On another occasion a staff officer, a married man, was residing in the "Governor's House." One night as the nurse lay awake—she and the children were in a room which opened into what was known as the White Lady's apartment—she suddenly saw a lady clothed in white glide to the bedside of the youngest child, and after a little place her hand upon its wrist. At this the child started in its sleep, and cried out, "Oh! take that cold hand from my wrist!" the next moment the lady disappeared.

One night, about the year 1880, Captain Marvell Hull and Lieutenant Hartland were going to the rooms occupied by the former officer. As they reached a small landing they saw distinctly in front of them a woman in a white dress. As they stood

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there in awestruck silence she turned and looked towards them, showing a face beautiful enough, but colourless as a corpse, and then passed on through a locked door.

But it appears that this presence did not always manifest itself in as harmless a manner. Some years ago Surgeon L— was quartered at the fort. One day he had been out snipe-shooting, and as he entered the fort the mess-bugle rang out. He hastened to his rooms to dress, but as he failed to put in an appearance at mess, one of the officers went in search of him, and found him lying senseless on the floor. When he recovered consciousness he related his experience. He said he had stooped down for the key of his door, which he had placed for safety under the mat; when in this position he felt himself violently dragged across the hall, and flung down a flight of steps. With this agrees somewhat the experience of a Captain Jarves, as related by him to Captain Marvell Hull. Attracted by a strange rattling noise in his bedroom, he endeavoured to open the door of it, but found it seemingly locked. Suspecting a hoax, he called out, whereupon a gust of wind passed him, and some unseen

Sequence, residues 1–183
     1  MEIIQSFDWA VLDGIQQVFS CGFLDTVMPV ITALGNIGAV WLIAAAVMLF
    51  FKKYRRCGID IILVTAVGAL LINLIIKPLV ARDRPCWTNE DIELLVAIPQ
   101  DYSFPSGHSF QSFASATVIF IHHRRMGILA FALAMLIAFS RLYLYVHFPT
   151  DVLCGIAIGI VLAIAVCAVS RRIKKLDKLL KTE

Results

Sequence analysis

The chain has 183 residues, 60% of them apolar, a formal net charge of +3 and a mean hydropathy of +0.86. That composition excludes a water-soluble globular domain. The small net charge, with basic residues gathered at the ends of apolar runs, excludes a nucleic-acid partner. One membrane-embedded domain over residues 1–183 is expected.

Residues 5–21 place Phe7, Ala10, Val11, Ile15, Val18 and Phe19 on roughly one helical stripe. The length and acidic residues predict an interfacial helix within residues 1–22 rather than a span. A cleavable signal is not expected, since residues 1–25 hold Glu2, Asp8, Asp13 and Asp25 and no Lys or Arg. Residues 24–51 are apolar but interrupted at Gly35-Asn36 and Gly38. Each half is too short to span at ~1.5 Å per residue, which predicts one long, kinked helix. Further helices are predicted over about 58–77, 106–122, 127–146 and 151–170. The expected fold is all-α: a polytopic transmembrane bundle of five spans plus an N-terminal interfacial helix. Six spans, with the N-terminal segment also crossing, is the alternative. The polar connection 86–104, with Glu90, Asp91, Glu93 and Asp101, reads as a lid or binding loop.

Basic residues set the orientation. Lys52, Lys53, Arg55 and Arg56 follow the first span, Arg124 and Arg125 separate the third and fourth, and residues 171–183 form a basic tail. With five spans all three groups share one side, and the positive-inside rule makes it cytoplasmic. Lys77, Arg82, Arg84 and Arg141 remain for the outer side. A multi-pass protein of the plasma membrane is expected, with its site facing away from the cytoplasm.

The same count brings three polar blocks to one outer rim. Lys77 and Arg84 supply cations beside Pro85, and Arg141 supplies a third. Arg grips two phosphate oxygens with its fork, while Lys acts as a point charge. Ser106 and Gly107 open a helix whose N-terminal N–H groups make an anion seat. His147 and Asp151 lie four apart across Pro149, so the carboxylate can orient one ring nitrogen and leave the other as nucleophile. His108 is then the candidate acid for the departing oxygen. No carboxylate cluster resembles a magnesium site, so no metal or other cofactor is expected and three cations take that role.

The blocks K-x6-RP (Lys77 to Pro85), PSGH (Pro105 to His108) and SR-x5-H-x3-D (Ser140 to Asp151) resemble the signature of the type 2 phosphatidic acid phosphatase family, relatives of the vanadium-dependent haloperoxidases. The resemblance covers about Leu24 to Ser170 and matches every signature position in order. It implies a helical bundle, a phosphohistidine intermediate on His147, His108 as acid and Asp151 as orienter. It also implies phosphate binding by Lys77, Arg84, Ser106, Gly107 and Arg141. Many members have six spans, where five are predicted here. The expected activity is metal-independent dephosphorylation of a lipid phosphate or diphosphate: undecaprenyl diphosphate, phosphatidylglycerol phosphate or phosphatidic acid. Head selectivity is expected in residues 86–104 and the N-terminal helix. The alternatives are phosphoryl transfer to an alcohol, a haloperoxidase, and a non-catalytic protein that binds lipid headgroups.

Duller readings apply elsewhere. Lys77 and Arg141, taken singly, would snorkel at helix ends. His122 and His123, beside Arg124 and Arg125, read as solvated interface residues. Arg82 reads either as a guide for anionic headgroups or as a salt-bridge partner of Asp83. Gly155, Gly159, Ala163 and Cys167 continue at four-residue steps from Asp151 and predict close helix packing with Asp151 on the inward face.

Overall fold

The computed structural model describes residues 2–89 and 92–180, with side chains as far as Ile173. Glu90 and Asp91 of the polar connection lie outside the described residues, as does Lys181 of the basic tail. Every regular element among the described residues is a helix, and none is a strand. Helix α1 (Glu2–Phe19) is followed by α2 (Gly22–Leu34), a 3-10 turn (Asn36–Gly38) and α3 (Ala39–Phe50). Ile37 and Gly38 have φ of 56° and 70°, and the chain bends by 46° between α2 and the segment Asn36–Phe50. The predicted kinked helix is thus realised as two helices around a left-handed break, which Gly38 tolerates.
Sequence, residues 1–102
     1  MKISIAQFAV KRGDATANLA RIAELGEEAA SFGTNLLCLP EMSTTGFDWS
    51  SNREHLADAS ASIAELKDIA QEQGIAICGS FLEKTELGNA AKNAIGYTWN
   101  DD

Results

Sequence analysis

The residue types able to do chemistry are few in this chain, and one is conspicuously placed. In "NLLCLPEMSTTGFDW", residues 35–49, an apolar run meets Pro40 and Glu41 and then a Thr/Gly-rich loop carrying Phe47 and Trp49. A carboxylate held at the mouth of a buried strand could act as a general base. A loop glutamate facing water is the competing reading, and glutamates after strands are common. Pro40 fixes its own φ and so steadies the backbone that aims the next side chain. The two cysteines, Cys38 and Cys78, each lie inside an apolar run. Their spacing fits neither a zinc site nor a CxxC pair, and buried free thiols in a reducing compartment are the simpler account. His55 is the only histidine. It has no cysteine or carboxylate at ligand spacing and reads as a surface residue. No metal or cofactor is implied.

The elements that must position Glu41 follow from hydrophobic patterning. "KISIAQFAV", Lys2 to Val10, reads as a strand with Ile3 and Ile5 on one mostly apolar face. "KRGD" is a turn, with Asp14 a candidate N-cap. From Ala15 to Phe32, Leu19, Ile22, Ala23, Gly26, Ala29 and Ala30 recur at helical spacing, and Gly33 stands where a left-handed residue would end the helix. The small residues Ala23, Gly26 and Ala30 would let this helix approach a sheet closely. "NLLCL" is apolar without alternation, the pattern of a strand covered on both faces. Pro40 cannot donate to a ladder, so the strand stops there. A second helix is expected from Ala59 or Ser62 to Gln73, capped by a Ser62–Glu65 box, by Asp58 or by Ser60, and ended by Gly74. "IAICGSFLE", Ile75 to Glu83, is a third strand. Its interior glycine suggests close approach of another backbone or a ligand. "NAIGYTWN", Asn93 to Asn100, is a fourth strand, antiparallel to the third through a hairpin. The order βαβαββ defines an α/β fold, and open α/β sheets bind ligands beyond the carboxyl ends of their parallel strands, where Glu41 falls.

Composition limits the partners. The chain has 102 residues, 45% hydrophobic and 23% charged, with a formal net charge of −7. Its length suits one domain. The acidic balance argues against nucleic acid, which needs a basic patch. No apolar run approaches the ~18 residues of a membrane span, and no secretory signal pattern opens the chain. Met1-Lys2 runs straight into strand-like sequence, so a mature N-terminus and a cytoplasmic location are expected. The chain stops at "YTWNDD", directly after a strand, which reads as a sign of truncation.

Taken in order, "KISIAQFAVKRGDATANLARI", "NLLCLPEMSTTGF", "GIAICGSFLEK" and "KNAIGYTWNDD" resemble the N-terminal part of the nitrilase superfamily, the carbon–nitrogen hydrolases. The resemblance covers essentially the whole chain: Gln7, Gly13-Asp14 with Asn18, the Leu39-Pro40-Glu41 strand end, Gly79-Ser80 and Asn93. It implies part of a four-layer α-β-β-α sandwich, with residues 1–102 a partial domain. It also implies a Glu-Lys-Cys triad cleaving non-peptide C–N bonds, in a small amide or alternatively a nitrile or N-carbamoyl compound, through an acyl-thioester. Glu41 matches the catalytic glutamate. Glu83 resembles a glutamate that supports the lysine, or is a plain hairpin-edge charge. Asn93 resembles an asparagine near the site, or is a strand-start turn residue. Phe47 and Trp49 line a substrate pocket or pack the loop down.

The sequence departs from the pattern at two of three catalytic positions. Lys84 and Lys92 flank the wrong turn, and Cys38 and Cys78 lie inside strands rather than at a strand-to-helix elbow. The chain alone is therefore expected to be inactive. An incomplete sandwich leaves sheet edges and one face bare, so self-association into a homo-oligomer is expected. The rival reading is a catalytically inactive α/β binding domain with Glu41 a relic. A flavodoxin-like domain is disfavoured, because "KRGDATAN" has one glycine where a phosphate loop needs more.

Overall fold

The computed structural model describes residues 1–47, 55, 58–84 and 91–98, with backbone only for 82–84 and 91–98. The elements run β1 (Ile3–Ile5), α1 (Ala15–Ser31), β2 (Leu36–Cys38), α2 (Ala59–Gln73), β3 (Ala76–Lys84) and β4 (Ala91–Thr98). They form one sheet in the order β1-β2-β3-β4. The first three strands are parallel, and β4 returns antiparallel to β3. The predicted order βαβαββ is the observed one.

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power flung him down the stairs, and laid him senseless at the bottom.

Near a seaside town in the south of Ireland a group of small cottages was built by an old lady, in one of which she lived, while she let the others to her relatives. In process of time all the occupants died, the cottages fell into ruin, and were all pulled down (except the one in which the old lady had lived), the materials being used by a farmer to build a large house which he hoped to let to summer visitors. It was shortly afterwards taken for three years by a gentleman for his family. It should be noted that the house had very bare surroundings; there were no trees near, or outhouses where people could be concealed. Soon after the family came to the house they began to hear raps all over it, on doors, windows, and walls; these raps varied in nature, sometimes being like a sledgehammer, loud and dying away, and sometimes quick and sharp, two or three or five in succession; and all heard them. One morning about 4. A.M., the mother heard very loud knocking on the bedroom door; thinking it was the servant wanting to go

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to early mass, she said, "Come in," but the knocking continued till the father was awakened by it; he got up, searched the house, but could find no one. The servant's door was slightly open, and he saw that she was sound asleep. That morning a telegram came announcing the death of a beloved uncle just about the hour of the knocking. Some time previous to this the mother was in the kitchen, when a loud explosion took place beside her, startling her very much, but no cause for it could be found, nor were any traces left. This coincided with the death of an aunt, wife to the uncle who died later.